Does older equal wiser?

Whether people see themselves as religious, spiritual or neither, many believe in natural talent – that some of us are born with certain gifts which we are then easily able to hone into a higher level of skill.  Some of those things are physical abilities, some are more academic.  It’s often regarded that, if you are an absolute expert on a certain topic, or that you have great ability in terms of a physical skill, then you are also able to easily pass these attributes on to others – that you will be a good teacher (I’m going to stick with the term “teacher” throughout this post for the sake of simplicity, but please recognise that I mean this in terms of coaching both academic, emotional and physical skills) as well.

The critical point that most people miss is that, in order to be able to impart knowledge (and/or skills), one must also be the master of two incredibly difficult additional skills: communication and relationship-building.  For me, these are the “X factor” of skills – you’ve either got it or you haven’t.  Of course, delivery is a teachable skill, but one which is distinctly different from communication.  One can be taught to enunciate, engage or entertain (to an extent).  But I don’t think that charisma and empathy are trainable.

So, which is more important: expertise or personal social skills?  My opinion is that it’s the latter.  Many of us are blessed with the ability to read – to study, to gain basic knowledge.  Fewer possess the gift of imparting it.  Anyone who has attended several schools throughout their life will have experienced a wide variety of teachers.  Which ones did you learn the most from: those who were book-smart, or those who had the power to tap into the learning style of each individual in the room, and ensure that they weren’t just able to regurgitate the information, but could understand it in their own terms?

Hopefully, that’s one issue explained (if I have communicated it accurately!) – my stance on the ability to teach.  The next element I want to discuss is progression and hierarchy.  Because, believe it or not, the two things are linked.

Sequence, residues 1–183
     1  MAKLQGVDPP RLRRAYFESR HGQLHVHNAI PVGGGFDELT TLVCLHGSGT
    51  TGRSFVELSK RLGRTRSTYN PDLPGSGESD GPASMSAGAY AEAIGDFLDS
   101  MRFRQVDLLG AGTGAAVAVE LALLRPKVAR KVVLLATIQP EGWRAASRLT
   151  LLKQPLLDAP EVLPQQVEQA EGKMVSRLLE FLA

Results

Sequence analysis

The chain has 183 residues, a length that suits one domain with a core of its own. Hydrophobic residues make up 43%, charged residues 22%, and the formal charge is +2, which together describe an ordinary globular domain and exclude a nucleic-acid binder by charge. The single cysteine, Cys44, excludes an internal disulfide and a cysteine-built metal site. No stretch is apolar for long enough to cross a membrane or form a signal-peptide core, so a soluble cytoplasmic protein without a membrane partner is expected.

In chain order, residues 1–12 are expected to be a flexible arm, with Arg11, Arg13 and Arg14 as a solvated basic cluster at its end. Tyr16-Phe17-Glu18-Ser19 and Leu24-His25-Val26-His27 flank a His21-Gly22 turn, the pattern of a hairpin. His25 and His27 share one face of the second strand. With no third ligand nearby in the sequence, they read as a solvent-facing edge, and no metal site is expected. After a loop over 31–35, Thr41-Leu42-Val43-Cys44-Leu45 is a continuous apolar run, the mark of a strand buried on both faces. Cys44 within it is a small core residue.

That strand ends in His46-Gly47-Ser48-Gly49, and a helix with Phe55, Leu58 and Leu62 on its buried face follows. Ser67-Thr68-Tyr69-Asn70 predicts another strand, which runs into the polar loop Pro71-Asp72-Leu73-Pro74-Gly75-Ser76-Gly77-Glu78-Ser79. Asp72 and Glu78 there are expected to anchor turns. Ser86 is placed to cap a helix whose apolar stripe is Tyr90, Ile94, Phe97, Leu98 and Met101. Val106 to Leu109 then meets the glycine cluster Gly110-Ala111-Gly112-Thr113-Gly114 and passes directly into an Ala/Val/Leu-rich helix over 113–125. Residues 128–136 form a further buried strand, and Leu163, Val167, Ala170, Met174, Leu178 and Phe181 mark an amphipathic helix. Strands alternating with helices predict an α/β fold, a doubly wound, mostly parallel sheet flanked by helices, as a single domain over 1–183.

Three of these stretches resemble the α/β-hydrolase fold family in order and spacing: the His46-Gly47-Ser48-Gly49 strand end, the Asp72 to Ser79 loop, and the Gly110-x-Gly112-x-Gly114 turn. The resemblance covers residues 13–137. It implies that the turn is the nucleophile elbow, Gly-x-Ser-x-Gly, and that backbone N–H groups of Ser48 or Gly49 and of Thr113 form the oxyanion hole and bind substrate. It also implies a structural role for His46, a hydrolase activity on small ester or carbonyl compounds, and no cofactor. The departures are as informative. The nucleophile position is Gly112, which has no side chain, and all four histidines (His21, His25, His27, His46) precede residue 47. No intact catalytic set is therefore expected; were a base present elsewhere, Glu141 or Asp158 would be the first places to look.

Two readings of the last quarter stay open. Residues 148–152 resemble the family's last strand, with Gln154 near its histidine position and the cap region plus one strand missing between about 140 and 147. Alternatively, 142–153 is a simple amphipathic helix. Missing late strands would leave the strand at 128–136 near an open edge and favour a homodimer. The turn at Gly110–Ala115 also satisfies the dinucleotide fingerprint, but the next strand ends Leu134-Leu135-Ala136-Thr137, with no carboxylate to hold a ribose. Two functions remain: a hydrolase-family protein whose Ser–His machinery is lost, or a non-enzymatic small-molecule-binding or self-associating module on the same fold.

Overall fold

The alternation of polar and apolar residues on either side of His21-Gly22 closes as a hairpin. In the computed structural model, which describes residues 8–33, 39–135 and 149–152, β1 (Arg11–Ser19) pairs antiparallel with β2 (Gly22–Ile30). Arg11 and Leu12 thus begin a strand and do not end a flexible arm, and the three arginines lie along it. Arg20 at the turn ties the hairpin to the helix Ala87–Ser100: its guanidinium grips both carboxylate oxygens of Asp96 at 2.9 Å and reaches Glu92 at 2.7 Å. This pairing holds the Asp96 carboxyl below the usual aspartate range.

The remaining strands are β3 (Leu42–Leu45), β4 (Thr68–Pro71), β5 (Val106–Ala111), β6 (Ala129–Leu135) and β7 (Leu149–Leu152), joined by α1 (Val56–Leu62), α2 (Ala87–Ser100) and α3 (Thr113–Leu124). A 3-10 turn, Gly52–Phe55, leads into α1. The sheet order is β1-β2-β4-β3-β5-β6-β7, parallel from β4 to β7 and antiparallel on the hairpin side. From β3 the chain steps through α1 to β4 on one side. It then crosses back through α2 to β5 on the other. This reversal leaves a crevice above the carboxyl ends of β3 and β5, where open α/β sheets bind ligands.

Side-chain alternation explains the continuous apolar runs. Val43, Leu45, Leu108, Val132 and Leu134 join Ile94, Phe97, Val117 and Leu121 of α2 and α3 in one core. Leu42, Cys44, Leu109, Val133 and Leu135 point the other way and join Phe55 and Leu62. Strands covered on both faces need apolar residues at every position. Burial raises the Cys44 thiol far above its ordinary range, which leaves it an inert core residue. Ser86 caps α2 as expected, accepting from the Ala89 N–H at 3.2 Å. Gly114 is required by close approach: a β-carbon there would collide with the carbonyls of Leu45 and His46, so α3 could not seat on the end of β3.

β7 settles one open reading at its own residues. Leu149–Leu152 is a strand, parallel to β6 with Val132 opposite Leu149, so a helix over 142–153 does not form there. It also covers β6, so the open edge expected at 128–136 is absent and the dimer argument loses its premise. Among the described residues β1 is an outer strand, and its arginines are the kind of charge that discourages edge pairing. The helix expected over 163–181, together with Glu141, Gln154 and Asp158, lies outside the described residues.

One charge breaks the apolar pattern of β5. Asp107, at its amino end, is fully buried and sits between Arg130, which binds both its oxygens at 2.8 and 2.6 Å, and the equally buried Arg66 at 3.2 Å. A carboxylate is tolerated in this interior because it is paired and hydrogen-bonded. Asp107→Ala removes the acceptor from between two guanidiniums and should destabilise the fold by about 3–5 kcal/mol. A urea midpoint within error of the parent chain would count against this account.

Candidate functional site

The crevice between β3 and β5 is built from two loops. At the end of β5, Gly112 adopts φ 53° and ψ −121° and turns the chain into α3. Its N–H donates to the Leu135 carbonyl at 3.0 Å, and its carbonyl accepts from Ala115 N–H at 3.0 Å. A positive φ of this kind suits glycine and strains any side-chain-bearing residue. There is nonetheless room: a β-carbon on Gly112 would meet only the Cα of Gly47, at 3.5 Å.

Something which frustrated me about many companies I have worked for is box-ticking.  Our society is built on our understanding of hierarchies, as they provide a natural chain of command: an army of people paddling away at the bottom, supporting the minorities who direct operations from the top.  We are taught, as juniors, that we too can make it to the lofty pinnacle, if we make our way up the pyramid, step by step, paying our dues at each level.

But what if that doesn’t suit us?  What if we get stuck, marooned on the side of the pyramid?  Do we abandon ship, jumping off in the belief that this particular pyramid isn’t for us?  Or do we paddle on, mistakenly believing that our debt of time will have been paid and our chance to advance will be given?  For me, this logic regarding upwards progression is flawed.  I don’t think people should make it to the top because they are good enough at every level, or because they can jump through hoops.  And the top isn’t for everyone.  We are all different.  Some people belong in the middle and are content there.  However some people belong at the top, but can’t get there because they are stuck in the middle.  But convention dictates that skipping levels is not allowed.  So what’s a person to do?

It’s time to marry my concepts.  Whilst I believe that the ability to communicate with and relate to all kinds of people is vital to one’s success as a teacher, I also believe that not everyone is suited to every level of a job.  For me, time spent doing an activity does not equal the ability to teach it at an advanced level.  Similarly, being at a junior level within a job does not mean that you are suited only to junior tasks – or, to return to the teaching-specific case, that your inexperience relative to others doesn’t mean that you are only suited to and should only practice your teaching on beginners.

Now I’m going to get personal, sticking my head above the parapet and preparing myself for cries of “that’s so arrogant!”, but it’s okay, I’m ready.  Because I also know I’m right.  Next month, I’ll have been riding for 23 years (I’m still getting used to being old enough to be able to say that).  I’m not an expert.  Although it is only ever a small percentage of people who experience an elite level of their chosen field (not to mention success within it), I still would not consider myself an expert.  I recognise that, despite my years of involvement, I still have an almost infinite amount to learn.  But I’m also not a beginner rider.  I am a beginner riding teacher.  I have taught many other things (some more successfully than others – texting will always elude my Grandma; remembering to charge her mobile phone will almost always escape my Mum, though we have seen improvements in her ability to purchase milk on command).  Does it follow that, because I am a novice teacher, I should be good at teaching beginners?